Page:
Why women are leaving science, engineering, and tech jobs

women in stem jobs

80% of the women say they love their work, yet many still report barriers to getting to the top.

Women in the U.S. who are working in the science, engineering, and tech fields are 45% more likely than their male peers to leave the industry within the year, according to recent research from the Center for Talent Innovation.

 

 

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Rewiring your brain to become fluent in math

brain

Basic, deep-seated fluency in math and science—not just an “understanding,” is critical.

By Barbara Oakley: I was a wayward kid who grew up on the literary side of life, treating math and science as if they were pustules from the plague. So it’s a little strange how I’ve ended up now—someone who dances daily with triple integrals, Fourier transforms, and that crown jewel of mathematics, Euler’s equation. It’s hard to believe I’ve flipped from a virtually congenital math-phobe to a professor of engineering.

 

 

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4 robots that teach children STEM in engaging ways

play-i

Play-i robot

Like no other tool, robots can capture a child’s imagination by creating a fun, physical learning process. With robots, kids learn programming via interactive play by moving a robot in various sequences and using intuitive, visual programming on a computer screen. The children also learn STEM (science, technology, engineering and math) by watching and interacting with robots that demonstrate the practical results of the day’s lesson.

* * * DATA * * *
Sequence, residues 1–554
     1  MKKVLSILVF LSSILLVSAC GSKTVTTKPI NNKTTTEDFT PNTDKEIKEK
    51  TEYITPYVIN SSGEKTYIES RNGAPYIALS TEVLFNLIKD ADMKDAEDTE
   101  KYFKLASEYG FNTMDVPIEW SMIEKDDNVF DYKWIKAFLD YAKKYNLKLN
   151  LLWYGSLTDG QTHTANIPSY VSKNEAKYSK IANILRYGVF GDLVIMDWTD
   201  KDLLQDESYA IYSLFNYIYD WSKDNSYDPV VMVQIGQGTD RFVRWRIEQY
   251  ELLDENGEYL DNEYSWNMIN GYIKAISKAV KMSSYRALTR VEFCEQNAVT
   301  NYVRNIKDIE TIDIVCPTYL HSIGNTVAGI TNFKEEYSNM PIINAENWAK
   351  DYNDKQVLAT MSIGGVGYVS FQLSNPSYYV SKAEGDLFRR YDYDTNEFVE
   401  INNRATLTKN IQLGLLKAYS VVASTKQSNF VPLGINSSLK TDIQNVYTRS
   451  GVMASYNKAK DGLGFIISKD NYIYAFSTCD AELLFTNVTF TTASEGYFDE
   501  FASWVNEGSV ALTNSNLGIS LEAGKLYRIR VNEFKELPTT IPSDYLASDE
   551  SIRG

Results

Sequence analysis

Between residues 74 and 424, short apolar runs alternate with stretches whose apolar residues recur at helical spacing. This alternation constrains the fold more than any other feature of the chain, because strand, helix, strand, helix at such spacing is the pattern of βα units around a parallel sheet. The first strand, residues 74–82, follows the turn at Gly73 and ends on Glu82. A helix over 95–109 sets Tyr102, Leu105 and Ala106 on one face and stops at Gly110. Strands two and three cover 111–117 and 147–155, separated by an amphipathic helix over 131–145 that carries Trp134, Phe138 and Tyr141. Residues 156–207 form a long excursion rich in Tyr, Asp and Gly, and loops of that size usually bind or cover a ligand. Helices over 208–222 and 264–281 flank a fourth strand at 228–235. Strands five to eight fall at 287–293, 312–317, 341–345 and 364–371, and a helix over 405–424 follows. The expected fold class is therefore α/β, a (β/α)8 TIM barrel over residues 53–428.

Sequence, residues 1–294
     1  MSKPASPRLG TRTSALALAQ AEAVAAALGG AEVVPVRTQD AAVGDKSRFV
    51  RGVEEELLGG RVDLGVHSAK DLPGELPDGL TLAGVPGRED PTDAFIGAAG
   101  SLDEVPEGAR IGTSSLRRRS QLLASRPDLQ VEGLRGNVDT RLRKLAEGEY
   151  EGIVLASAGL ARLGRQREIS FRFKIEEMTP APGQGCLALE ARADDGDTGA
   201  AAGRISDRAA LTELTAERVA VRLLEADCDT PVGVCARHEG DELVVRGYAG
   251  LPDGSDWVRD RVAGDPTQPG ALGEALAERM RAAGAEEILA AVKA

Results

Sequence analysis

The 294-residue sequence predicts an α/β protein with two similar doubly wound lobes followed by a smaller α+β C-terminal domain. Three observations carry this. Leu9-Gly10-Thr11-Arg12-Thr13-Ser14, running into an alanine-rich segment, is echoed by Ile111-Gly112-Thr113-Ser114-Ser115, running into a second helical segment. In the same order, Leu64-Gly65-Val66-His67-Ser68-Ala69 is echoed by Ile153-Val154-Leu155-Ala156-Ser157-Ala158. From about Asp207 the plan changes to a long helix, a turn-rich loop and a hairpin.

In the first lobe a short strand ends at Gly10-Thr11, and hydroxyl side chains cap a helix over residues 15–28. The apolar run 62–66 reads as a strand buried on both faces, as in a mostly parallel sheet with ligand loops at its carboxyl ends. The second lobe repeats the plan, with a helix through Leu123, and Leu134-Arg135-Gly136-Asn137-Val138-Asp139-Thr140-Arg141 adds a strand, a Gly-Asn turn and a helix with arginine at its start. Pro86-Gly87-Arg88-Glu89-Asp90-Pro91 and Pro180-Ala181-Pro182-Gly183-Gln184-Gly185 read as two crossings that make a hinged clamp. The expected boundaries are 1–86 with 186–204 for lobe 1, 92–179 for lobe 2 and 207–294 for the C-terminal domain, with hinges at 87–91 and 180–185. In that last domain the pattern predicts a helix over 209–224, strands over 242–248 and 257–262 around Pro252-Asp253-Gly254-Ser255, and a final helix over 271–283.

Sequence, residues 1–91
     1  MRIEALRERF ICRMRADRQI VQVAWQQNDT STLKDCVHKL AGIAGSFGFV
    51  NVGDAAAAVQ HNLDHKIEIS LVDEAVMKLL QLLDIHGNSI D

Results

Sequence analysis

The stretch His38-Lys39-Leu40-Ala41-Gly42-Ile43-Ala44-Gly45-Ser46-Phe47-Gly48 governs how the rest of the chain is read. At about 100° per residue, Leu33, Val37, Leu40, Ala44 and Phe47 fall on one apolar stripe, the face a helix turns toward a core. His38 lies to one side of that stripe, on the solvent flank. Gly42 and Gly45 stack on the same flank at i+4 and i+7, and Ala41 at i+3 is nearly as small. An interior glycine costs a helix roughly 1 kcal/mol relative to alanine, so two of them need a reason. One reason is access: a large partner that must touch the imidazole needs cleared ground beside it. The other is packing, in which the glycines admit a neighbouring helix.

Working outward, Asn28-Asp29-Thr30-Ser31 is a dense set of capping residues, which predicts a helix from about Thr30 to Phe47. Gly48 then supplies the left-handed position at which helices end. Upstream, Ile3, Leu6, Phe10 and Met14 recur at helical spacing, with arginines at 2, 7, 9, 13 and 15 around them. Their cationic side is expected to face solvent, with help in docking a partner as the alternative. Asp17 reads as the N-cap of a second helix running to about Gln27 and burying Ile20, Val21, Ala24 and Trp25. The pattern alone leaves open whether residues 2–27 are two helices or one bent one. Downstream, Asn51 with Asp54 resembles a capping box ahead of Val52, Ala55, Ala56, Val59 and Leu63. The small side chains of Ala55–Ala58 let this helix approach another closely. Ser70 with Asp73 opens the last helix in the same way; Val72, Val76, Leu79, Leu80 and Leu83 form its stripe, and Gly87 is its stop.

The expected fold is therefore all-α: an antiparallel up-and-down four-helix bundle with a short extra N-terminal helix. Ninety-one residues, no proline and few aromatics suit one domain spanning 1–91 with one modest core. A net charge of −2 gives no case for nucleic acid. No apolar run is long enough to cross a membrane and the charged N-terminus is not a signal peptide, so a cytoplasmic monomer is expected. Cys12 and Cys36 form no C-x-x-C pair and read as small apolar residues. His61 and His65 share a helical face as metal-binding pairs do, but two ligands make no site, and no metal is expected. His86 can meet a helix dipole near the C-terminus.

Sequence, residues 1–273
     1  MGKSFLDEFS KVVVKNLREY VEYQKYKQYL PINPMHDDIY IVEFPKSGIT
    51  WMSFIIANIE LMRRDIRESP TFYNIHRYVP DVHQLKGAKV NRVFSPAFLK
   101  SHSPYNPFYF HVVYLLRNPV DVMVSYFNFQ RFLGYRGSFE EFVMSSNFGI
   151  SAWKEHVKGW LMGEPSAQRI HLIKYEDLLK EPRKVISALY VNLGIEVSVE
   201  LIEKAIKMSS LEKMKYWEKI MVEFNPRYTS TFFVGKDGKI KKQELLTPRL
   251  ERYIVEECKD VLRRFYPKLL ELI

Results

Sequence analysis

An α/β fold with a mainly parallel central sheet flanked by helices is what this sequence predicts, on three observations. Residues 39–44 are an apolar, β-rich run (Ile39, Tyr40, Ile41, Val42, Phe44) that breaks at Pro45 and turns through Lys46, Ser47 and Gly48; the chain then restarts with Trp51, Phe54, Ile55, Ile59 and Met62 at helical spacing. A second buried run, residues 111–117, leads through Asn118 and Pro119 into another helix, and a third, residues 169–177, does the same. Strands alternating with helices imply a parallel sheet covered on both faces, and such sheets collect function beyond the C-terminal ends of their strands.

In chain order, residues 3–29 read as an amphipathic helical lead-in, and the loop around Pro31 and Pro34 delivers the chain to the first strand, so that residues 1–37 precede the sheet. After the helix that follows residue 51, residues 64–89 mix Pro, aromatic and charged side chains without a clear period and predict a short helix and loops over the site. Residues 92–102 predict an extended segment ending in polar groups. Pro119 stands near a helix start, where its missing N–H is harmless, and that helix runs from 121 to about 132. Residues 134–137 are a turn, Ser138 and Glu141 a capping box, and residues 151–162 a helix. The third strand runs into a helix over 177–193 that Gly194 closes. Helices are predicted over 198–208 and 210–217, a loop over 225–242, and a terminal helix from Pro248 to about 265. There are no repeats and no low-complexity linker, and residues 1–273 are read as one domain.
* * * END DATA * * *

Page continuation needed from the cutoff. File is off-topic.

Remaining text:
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Enrollment in U.S. graduate STEM programs increased 50% over last decade

STEM program

First-time, full-time graduate enrollment in STEM programs registering a 50% increase over the decade.

A new report from the National Science Foundation (NSF) finds that the number of Americans pursuing advanced degrees in science and engineering has risen sharply over the past decade and stands at an all-time high.

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Study Shows The Human Heart Can Grow New Cells

Study Shows The Human Heart Can Grow New Cells

Heart muscle cells can be grown from human embryonic stem cells, but new research suggests the adult heart can grow new cells, too. 
 

The human heart has a notorious reputation for being unable to heal itself, but new research suggests it is capable of at least some self-repair. Using carbon dating to gauge the age of heart cells, scientists have found that low numbers of new heart cells are continuously being created throughout a person’s life. This raises the possibility that we may one day be able to use drugs to directly stimulate this regenerative capacity to patch up damaged hearts, rather than relying on cell-transplantation therapies.

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